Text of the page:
On the 120V power - Battery chargers need separate circuit breakers. One can be added to the existing circuit breaker panel or install a sub-panel. As your boat is diesel the location of the sub-panel can be anywhere. That is a small battery charger so 14-3 or 16-3 triplex tinned wire would be the correct wire. Routing is probably the most difficult but along other wiring and hoses probably the easiest. Sea Ray tended to hardwire their fixed devices but a duplex receptacle is acceptable. Current code is if there is a receptacle then it needs to be GFCI protected. Your choice. Use no wire nuts on anything and only terminate with crimp connections. Heat shrink butt connectors are also acceptable provided they are in a rated enclosure.
Great information - thank you for the advice! I am using an AGM battery. I guess the big question is accessing the the circuit breaker bank, I still have a few accessory slots available and then how I will run the wires as you said. Still some investigating to do - but thanks for the info!
 
Avoid installing lead acid batteries anywhere except engine room. If you had to install other than engine room AGM or Lithium are the choices. Still I'd reference the ABYC standards for installing AGM forward of the engine room bulkhead.
You will need a main battery disconnect; A 400 amp Big Boy latching solenoid would be the most convenient. And, the solenoid controlling momentary switch and wiring at the helm.
You will need to fuse the circuit as close to the battery as possible; A 400 amp ANL fuse (whatever the thruster manuf requires) with holder.
Depending upon the distance between the batteries and bow thruster will determine the cable size. Whatever the chart says I always step to the next size up. For these high current loads I tend to move right to 4/0 tinned battery cable.
Cable sheathing for the positive cable will be required between the battery and fuse.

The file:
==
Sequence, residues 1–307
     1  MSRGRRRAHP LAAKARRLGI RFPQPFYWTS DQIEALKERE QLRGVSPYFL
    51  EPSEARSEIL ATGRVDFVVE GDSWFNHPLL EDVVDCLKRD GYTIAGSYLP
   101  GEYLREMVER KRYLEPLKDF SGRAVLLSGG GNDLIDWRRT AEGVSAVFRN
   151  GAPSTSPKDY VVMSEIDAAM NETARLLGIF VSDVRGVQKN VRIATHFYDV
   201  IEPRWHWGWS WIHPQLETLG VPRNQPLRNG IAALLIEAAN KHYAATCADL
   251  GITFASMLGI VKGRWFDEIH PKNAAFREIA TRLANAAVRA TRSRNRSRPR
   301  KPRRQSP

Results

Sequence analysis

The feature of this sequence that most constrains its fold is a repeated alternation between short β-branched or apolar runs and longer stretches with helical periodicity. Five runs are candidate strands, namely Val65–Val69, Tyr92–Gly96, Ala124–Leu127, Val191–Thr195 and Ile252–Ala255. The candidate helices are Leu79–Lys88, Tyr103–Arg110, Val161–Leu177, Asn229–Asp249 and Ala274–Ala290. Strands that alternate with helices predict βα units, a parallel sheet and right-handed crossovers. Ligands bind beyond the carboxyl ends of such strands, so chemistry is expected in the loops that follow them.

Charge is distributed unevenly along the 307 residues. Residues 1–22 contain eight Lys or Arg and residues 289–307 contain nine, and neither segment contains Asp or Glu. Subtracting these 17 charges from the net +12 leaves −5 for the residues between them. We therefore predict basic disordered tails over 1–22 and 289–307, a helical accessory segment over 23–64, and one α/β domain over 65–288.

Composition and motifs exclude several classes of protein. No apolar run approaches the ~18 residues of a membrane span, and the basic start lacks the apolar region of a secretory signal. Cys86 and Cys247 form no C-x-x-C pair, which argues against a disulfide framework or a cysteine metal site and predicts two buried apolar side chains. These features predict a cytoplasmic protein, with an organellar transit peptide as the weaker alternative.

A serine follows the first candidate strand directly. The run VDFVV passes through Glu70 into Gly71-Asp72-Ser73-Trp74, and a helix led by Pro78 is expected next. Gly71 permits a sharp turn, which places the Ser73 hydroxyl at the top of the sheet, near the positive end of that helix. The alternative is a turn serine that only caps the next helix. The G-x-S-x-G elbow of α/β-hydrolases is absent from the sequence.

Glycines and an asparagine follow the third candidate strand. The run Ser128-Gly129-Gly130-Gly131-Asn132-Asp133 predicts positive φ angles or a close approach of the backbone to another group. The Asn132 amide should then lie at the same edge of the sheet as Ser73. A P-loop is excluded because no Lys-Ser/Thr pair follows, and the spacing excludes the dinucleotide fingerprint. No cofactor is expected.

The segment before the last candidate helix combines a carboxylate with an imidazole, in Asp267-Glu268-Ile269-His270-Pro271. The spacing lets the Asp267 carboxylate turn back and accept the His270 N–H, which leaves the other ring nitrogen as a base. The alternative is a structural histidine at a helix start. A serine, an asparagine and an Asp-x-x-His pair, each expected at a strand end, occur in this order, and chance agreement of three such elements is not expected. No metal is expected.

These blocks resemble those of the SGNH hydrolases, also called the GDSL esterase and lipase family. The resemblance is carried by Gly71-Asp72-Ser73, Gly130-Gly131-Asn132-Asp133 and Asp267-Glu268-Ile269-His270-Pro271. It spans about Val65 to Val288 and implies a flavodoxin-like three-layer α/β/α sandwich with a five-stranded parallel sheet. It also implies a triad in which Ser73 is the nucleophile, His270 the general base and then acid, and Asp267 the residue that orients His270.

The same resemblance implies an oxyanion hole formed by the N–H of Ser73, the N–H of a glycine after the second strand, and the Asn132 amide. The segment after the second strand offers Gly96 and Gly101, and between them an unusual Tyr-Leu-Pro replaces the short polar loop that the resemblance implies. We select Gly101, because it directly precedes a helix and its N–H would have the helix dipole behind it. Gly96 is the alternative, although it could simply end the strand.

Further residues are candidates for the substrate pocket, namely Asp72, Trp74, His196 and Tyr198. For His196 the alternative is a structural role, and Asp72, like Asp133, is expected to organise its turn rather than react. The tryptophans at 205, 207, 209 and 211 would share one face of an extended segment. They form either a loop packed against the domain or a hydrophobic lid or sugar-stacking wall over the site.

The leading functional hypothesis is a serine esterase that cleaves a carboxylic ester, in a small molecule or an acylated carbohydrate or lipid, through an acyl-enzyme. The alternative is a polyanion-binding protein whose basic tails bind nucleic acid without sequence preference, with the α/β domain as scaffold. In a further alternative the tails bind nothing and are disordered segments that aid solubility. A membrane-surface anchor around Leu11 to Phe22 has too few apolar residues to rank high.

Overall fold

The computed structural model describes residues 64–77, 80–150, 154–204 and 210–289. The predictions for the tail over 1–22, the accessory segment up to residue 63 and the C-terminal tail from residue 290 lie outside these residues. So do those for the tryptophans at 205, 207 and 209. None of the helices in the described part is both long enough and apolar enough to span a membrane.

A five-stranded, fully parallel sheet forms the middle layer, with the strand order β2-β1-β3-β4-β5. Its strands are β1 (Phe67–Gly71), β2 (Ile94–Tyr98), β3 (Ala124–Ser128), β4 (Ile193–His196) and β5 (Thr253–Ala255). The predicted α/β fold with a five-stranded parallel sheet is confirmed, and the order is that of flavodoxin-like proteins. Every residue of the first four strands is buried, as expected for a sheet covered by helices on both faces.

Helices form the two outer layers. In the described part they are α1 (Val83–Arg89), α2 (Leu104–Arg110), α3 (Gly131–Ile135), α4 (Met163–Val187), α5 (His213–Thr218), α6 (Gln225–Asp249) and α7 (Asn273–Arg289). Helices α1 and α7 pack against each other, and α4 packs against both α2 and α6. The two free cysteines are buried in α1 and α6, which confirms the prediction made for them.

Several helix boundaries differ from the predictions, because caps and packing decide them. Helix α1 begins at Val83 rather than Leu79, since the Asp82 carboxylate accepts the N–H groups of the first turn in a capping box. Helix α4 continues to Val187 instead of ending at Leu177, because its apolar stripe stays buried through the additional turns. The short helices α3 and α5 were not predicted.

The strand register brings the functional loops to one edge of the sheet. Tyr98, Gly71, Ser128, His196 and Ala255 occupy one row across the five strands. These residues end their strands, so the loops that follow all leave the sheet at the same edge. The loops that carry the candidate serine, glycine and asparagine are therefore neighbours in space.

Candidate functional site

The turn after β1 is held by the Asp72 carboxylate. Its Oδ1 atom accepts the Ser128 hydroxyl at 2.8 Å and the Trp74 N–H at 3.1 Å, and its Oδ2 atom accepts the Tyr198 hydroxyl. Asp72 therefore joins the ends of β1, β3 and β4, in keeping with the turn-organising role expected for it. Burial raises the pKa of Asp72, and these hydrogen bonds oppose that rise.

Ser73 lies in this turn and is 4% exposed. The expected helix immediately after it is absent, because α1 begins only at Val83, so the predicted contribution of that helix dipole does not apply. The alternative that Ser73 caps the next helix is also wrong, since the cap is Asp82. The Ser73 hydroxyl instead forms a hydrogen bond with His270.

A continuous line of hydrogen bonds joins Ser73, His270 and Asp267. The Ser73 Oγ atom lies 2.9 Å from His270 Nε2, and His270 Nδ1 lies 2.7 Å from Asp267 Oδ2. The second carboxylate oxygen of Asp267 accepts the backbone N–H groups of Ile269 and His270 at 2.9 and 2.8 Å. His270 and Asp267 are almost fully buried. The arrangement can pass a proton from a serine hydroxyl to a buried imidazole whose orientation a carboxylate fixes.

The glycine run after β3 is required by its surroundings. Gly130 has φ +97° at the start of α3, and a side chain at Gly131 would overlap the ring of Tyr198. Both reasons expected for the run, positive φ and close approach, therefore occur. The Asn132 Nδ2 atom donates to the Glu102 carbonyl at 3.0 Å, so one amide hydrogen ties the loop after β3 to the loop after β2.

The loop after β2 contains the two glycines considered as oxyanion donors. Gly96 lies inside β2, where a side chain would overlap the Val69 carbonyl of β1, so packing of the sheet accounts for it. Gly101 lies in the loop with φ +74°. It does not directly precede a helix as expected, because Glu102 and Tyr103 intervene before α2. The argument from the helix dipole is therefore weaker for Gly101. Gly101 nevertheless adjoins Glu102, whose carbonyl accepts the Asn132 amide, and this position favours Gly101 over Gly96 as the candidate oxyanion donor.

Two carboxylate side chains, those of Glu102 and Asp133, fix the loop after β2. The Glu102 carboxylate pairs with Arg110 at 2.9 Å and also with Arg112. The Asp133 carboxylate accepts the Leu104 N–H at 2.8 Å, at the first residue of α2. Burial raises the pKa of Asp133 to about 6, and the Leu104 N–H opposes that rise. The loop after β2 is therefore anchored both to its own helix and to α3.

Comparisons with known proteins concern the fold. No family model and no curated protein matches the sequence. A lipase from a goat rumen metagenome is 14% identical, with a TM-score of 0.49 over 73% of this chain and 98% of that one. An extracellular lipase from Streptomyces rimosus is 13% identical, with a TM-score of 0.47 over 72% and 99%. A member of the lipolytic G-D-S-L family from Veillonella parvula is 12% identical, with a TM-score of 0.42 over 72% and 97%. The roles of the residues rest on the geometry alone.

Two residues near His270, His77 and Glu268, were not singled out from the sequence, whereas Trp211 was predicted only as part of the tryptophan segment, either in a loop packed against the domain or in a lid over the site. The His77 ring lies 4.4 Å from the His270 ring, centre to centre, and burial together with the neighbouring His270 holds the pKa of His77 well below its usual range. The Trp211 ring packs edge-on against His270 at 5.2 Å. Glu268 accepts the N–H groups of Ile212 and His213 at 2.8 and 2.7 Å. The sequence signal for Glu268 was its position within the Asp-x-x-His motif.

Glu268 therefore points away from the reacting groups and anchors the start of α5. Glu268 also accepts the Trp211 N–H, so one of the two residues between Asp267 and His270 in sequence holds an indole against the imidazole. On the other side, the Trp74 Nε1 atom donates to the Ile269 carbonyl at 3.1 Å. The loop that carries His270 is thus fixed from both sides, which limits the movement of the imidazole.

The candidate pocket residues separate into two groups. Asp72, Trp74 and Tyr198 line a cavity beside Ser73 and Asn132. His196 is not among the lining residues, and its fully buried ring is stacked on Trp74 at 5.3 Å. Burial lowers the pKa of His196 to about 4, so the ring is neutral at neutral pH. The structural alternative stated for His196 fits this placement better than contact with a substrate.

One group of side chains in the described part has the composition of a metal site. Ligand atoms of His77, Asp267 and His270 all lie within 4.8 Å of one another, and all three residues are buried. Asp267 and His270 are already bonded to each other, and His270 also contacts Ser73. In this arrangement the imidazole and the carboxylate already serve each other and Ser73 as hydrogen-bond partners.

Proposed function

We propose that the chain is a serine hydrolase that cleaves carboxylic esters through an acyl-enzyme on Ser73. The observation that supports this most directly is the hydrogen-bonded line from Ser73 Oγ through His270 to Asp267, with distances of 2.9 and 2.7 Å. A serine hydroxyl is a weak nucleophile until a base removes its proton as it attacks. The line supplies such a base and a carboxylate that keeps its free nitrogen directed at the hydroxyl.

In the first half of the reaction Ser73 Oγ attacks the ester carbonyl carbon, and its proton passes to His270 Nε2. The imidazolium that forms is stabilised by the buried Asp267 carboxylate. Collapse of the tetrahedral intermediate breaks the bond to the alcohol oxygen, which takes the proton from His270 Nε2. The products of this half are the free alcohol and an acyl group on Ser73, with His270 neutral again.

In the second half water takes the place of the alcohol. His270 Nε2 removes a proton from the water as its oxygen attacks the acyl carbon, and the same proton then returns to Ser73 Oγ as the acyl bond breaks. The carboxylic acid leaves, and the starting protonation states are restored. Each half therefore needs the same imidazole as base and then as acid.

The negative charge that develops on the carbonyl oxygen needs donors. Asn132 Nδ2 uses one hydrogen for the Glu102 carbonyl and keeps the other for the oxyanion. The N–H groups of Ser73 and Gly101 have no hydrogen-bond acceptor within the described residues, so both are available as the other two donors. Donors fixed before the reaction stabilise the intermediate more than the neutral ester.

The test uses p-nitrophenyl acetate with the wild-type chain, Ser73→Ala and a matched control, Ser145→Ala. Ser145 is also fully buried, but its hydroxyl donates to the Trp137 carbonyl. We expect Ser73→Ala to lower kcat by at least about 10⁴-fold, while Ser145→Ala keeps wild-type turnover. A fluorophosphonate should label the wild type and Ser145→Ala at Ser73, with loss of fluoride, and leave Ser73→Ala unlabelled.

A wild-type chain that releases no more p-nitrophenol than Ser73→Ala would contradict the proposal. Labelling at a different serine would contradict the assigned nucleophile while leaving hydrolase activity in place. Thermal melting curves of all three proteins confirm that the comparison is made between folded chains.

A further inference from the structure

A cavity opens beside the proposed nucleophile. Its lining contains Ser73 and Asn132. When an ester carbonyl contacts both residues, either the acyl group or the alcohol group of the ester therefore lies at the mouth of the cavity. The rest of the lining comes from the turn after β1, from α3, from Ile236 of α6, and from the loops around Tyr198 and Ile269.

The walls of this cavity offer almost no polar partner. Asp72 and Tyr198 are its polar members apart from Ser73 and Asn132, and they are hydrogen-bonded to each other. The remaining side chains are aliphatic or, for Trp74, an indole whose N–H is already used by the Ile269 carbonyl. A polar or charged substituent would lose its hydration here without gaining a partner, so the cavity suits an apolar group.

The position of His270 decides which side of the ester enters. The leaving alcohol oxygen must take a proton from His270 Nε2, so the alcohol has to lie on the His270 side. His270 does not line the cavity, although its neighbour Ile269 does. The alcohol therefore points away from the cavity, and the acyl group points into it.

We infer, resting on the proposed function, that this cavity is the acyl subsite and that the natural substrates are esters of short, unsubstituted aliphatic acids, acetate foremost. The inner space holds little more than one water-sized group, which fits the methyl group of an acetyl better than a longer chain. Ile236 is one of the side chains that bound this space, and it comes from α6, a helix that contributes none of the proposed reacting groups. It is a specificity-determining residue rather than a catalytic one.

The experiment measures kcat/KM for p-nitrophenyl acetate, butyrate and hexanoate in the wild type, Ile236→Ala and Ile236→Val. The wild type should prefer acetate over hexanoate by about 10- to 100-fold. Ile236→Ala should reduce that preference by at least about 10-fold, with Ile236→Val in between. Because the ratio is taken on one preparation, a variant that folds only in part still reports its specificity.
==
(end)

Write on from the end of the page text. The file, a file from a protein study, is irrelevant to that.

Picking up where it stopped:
Quality tin coated copper crimp terminals for the wiring - Anchor is my go to.

On the 120V power - Battery chargers need separate circuit breakers. One can be added to the existing circuit breaker panel or install a sub-panel. As your boat is diesel the location of the sub-panel can be anywhere. That is a small battery charger so 14-3 or 16-3 triplex tinned wire would be the correct wire. Routing is probably the most difficult but along other wiring and hoses probably the easiest. Sea Ray tended to hardwire their fixed devices but a duplex receptacle is acceptable. Current code is if there is a receptacle then it needs to be GFCI protected. Your choice. Use no wire nuts on anything and only terminate with crimp connections. Heat shrink butt connectors are also acceptable provided they are in a rated enclosure.
So that I can learn, why do they not recommend a battery outside the engine compartment?

Also going back to original post AGM most likely the way to go. I have heard that lithium is hard on the motor brushes and is not recommended, I suspect it is the in rush current when you flip the switch.
 
So that I can learn, why do they not recommend a battery outside the engine compartment?

Also going back to original post AGM most likely the way to go. I have heard that lithium is hard on the motor brushes and is not recommended, I suspect it is the in rush current when you flip the switch.
Lead Acid batteries out-gas hydrogen sulfide which is corrosive as in moisture turns into sulfuric acid. Hard not only on metals but will destroy fabrics. In a bulk charging environment hydrogen gas and oxygen gas is also emitted which obviously will create an explosive environment if in a small closed area. AGM is not nearly the hazard as SLA batteries but still does emit gas.

Most electric motors have low resistance and can flow a lot of current. Lithium batteries have the capability to deliver a lot of current. Part of the science of installing lithium batteries is to size the conductors feeding electric motors to establish resistance and prevent damage to brushes and prevent the battery's BMS from tripping the battery off line.
 
Sounds like a job for…..